National Land Committee’s Submission
Traditional Leadership and Governance Framework Bill 
Parliament, Cape Town
The publishing of the Traditional Leadership and Governance Framework Bill marks a milestone in the development of the South African reality and its commitment to democratic values, ethos and practises. The institution of traditional leadership remains one of the most contested historically evolved realities. There is truth in saying the role of these institutions remains very uneven and at times controversial. The institution of traditional leadership continued to face questions of legitimacy. The role the successive colonial and later apartheid regimes created for these institutions has lead to clear distortions of the roles and responsibilities historically reserved for the traditional leader. The NLC consequently, has an inherent interest in the questions of how decisions affecting communities are made and mores so how these intersects with the questions of land ownership, control and administration.
The Bill Objectives
These are noble and encouraging as set out in the preamble: to provide for a national framework, within a "new system of democratic governance". Throughout the preamble the ethos of the South African constitution are emphasised and whilst recognising the customary law and practise, the Bill’s intentions are to bring these into harmony with the Constitution and the Bill of Rights so "that democratic society may promoted".
These objectives must be welcomed by all democrats and those who are committed to building a democratic, anti-sexist and anti- racist South Africa. It has to be asked though whether the provisions of the Bill are consistent with the intension. We shall indicate that there tensions between these noble objectives and some provisions of the Bill, and we shall consequently make recommendations to try improve the situations. We shall only concentrate on provisions we believe to be in need of attention.
It is true that public debate on the subject of traditional leaders has raged for sometime now. It is also true that the debate has been dominated by government, the traditional leaders and to a limited extend NGOs. The absent voices have been those of communities who must live under the system. It is our observation that this very Bill has not been subject to any meaningful discussion and debate by communities already living in what the Bill describes as "Traditional Communities". The views of these communities if at all are mediated through traditional leaders only. This is a not consistent with open democratic ethos as espoused by the objectives of the Bill. This is even much so since the traditional leader and their powers are the main subject of discussion, and these will directly affect those living under chieftaincies. To therefore relay only on the word of the chief on such a matter is to condone a clear situation of conflict of interest. The chief surely cannot be both a player and a referee on this matters. This is not to suggest that the chiefs should not have a say on the matter. But, to confuse the interests of the traditional leader with those of the "subject" is to commit a mistake at least in as far as questions of democratic practise is concerned.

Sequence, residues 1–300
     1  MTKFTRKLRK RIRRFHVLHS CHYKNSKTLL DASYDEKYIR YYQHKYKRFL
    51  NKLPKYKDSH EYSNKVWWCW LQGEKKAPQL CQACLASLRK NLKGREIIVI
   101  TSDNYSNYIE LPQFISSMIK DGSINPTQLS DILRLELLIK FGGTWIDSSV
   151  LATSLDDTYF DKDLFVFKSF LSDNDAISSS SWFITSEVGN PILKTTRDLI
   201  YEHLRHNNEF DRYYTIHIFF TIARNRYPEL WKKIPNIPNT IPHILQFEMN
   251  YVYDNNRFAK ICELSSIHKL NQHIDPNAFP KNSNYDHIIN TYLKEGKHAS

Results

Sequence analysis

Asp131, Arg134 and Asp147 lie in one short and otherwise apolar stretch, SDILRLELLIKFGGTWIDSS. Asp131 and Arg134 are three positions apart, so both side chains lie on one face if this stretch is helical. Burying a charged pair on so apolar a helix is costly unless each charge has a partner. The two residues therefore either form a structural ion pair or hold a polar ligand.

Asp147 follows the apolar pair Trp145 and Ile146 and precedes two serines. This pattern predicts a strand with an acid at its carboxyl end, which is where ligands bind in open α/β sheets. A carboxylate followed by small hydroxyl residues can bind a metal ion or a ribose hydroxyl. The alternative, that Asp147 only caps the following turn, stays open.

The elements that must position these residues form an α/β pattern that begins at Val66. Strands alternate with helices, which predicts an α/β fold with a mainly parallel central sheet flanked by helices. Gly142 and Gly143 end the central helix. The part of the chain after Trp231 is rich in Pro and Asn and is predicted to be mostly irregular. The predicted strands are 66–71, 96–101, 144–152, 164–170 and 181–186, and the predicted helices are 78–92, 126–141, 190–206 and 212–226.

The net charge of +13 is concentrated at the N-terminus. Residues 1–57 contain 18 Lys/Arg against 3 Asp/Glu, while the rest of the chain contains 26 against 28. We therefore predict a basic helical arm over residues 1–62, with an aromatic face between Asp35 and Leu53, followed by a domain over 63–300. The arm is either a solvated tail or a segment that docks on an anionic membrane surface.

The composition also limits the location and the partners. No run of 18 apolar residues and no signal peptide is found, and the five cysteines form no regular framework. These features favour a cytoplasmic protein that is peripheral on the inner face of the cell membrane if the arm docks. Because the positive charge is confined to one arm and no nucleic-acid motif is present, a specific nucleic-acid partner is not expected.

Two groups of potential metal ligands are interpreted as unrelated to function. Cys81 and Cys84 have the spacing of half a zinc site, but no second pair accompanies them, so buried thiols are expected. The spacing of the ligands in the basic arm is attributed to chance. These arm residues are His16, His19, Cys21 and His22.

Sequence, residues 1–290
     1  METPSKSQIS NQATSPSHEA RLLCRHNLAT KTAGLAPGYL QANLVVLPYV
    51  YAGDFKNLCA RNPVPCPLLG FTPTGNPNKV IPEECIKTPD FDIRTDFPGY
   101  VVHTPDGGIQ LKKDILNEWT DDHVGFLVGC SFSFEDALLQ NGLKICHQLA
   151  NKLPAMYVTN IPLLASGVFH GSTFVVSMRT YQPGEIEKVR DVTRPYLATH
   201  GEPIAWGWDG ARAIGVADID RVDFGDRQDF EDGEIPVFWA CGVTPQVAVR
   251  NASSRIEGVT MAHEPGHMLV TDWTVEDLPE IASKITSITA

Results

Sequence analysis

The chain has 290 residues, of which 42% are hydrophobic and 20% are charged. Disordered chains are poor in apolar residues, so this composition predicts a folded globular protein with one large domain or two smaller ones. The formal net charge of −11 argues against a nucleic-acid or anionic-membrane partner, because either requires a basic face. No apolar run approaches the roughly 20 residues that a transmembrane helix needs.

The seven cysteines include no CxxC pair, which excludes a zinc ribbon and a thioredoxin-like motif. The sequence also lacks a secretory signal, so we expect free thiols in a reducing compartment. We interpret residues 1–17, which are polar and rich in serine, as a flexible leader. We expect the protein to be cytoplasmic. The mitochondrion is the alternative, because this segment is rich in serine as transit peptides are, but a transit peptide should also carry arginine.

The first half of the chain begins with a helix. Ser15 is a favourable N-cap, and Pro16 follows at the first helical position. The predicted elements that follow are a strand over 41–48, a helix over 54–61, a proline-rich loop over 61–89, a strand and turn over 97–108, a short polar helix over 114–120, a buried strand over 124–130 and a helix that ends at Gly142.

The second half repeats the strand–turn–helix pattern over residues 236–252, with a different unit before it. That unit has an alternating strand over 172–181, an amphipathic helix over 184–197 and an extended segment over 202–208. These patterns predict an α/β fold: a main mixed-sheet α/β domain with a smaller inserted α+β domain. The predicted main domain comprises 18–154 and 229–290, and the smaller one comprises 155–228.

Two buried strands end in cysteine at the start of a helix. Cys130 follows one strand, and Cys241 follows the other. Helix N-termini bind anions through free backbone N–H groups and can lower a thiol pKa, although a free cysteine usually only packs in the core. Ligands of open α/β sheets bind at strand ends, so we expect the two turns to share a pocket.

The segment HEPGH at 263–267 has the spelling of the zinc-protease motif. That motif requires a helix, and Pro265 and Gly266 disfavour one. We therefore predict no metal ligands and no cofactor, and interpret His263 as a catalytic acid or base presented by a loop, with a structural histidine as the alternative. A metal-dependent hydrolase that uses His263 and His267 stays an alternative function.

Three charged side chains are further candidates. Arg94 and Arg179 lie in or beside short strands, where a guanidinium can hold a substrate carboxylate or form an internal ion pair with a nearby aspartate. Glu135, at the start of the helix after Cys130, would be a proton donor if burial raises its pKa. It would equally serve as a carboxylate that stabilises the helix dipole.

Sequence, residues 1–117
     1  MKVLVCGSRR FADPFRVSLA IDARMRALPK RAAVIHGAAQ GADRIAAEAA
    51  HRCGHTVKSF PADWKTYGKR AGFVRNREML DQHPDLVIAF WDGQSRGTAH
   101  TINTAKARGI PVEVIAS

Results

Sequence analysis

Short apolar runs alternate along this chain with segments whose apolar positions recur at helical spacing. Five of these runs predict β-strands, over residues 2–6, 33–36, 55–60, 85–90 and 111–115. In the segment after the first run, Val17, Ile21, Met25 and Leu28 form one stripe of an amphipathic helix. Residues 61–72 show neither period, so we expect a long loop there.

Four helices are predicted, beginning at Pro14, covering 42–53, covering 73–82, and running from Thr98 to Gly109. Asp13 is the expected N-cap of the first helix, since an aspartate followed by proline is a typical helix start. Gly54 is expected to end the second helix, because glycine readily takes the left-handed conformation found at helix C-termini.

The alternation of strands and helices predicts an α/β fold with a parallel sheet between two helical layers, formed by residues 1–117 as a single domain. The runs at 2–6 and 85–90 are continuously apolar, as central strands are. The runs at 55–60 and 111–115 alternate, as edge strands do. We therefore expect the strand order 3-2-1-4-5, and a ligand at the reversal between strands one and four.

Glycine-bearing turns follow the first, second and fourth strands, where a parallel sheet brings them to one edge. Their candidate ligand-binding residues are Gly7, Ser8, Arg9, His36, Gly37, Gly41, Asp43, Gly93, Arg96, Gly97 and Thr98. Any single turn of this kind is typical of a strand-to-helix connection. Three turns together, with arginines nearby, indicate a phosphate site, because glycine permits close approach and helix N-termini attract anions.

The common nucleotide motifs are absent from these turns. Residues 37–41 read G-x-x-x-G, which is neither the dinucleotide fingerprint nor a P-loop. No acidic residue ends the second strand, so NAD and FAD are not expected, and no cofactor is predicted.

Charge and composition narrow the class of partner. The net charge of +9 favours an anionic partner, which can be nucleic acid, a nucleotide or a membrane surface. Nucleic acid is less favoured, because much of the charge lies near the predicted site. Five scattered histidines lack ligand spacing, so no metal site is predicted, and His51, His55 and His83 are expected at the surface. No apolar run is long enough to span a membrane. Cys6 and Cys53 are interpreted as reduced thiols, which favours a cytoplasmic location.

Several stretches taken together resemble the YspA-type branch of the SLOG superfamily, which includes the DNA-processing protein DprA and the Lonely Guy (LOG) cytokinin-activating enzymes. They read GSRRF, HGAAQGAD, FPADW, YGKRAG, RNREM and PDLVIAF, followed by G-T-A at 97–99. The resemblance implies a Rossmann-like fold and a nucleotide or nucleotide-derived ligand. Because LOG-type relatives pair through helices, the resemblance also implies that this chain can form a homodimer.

We therefore recommend that the House consider a more intense process of community consultation facilitated by Government departments assisted by organs of civil Society. This should not be that difficult, Imbizos could be called in each town and views of the communities canvassed on a number of issues the Bill raises.
Repealing Aspects of the Black Authorities Act 1952
It was envisaged that the current bill will repeal aspects of the Black Authorities Act, and also deal with the Black Administration Act of 1927. These two pieces of legislation in the main sought to reduce the traditional leader into a paid servant of colonialism and apartheid. These Acts by and large represent the codification in law of the assault the institutions of traditional leadership were subjected to, and how the objective of "indirect rule" penetrated the rural African society creating a situation of "Citizens and Subjects" (Mamdani). This "indirect rule" functioned by denying the "rural/traditional" access to what is seen as modern but in reality this is to deny such defined communities rights associated with being a citizen and thereby denied democratic rights. The dilemma of legitimacy of the traditional leader rests on this historical reality. It is known that many communities at the time of these Acts being made law mounted some of the most spectacular resistance lead by progressive chiefs. It would therefore be an affront to the memory of those who fought for the integrity of the institutions of the traditional leadership should we fail to correct the colonial distortions.